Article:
GET A QUOTE

Your Name*

Company Name*

Telephone Number*

Email Address*

Required No of Desks

Preferred Location


GET A QUOTE

Name*

Email Address*

Telephone Number*

Services
 Full Virtual Office Call Answering Business Address
Desired Virtual Location

DEAL OF THE
MONTH
Suite 211 @ Barbican – £595 PER WORKSTATION
Suite 211 @ Barbican – £595 PER WORKSTATION
Suite 406 @ Royal Exchange – 2 Months RENT FREE
Suite 406 @ Royal Exchange – 2 Months RENT FREE
Suite 12.05 @ Paddington
Suite 12.05 @ Paddington
DEAL
OF THE
MONTH
default-banner

How to manage your cash flow

As a small business with tight margins, making sure you have a regular and healthy cash flow is hugely important. Here’s a few ways to keep things moving…

Keeping the cash flowing can be a major problem for some small businesses. One in five have experienced cash flow problems, according to the latest Business in Britain report from Lloyds Bank.

BE 5 Jan a

Here are a few ways you can avoid being one of the firms experiencing problems…

Set targets

Managing cash flow is not about knowing how things went in the past, but predicting how your business will run in the future. And while no one can do this with 100% accuracy, setting yourself targets is a good way to keep things going at the pace you set.

Setting targets like break-even points are vital in managing cash flow. If you know when your business is profitable, then you will be better able to know when you might have some excess cash.

Know when to pay and when to collect

Cash flow is a balance between getting receivables in as fast as possible and holding out with payments for as long as you can within the boundaries of your contracts.

Late payment is a major issue for small firms with 59% citing it as a cause of cash flow problems. In fact, according to Business Minister Baroness Neville-Rolfe late payments by large firms to small and medium-sized enterprises stand at £27 billion.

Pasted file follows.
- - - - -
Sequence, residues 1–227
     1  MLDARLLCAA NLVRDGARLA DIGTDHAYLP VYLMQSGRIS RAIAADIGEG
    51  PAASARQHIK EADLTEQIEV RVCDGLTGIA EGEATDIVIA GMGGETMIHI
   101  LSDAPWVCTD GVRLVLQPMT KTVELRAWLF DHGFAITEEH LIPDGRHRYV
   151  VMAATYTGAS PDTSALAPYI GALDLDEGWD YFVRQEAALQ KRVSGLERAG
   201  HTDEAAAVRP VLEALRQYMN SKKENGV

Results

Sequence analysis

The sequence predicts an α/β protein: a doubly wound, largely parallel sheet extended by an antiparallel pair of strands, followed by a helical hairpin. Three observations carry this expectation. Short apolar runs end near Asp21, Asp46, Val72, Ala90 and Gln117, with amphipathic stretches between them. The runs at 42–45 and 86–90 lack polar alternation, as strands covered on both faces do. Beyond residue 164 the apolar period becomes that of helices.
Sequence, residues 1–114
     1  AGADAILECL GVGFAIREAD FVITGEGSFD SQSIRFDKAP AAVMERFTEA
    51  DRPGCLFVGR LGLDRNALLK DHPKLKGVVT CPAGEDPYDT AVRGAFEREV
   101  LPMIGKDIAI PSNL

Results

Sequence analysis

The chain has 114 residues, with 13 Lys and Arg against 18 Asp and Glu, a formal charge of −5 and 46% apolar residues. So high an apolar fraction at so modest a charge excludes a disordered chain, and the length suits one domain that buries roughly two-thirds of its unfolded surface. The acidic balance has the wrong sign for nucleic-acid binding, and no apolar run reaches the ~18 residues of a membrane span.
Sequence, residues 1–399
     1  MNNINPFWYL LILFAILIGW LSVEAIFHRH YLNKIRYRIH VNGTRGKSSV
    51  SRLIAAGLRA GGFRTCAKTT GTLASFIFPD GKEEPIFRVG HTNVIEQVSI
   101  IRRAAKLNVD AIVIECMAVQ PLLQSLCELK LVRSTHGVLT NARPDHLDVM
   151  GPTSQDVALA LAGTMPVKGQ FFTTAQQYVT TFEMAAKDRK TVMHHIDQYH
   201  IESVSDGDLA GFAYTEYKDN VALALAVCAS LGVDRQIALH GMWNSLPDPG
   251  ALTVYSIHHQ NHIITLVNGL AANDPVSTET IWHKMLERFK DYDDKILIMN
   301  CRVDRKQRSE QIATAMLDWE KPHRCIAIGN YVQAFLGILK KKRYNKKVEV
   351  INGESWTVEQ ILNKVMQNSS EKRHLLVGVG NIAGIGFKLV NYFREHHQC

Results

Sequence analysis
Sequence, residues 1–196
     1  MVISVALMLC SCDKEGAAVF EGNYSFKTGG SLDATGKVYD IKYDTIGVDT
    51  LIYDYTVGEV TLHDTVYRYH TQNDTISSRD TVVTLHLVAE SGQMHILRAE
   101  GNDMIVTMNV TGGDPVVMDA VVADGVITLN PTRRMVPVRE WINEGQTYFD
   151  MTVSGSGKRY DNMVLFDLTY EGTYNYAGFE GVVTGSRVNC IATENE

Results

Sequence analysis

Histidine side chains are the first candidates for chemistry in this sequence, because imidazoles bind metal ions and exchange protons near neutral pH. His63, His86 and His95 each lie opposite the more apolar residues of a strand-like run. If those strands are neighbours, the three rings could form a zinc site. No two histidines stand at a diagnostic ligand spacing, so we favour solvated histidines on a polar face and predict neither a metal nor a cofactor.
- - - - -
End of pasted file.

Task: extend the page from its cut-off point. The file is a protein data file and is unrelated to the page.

Finding ways to get firms to pay up fast is important. This could be by making your payment terms as clear and as easy to complete as possible, following up on customers and even offering discounts for prompt payment. For new customers, get deposits and credit cheques.

For payments, pay only when you need to. If you have 30 days to pay, use all 30 days. Set up automated payments to go out on the last day possible – this keeps clients happy as they know when they’ll be paid and allows you to hold onto the money for longer.

Be vigilant

The phrase ‘penny-wise, pound foolish’ is fitting when it comes to small business’s cash flow. By ignoring small payments or one of payments, you could put your future cash flow in jeopardy. You need to be on top of every penny that comes in and out of your business from petty cash to interest payments. This will give you the clearest picture of your current and future cash flow.

The same goes for general monitoring of your cash flow. The best way to keep an eye on things is to have a cash flow monitor who could use technology like cloud-based cash flow spreadsheets or apps to keep on top of things.

Back up plans

You also need to become familiar with any potential bumps in the road. These could include potential late payers and times of the year when things might slow down. In fact, 37% of businesses say their cash flow difficulties were caused by a fall in demand for products and services.

If you see potential shortfalls in the future, then get your plan in place early. A bank is more likely to lend to someone who needs money for down the line than for the next day.

Finally, you’ll need a back-up plan if all else fails. This could include having some cash reserves.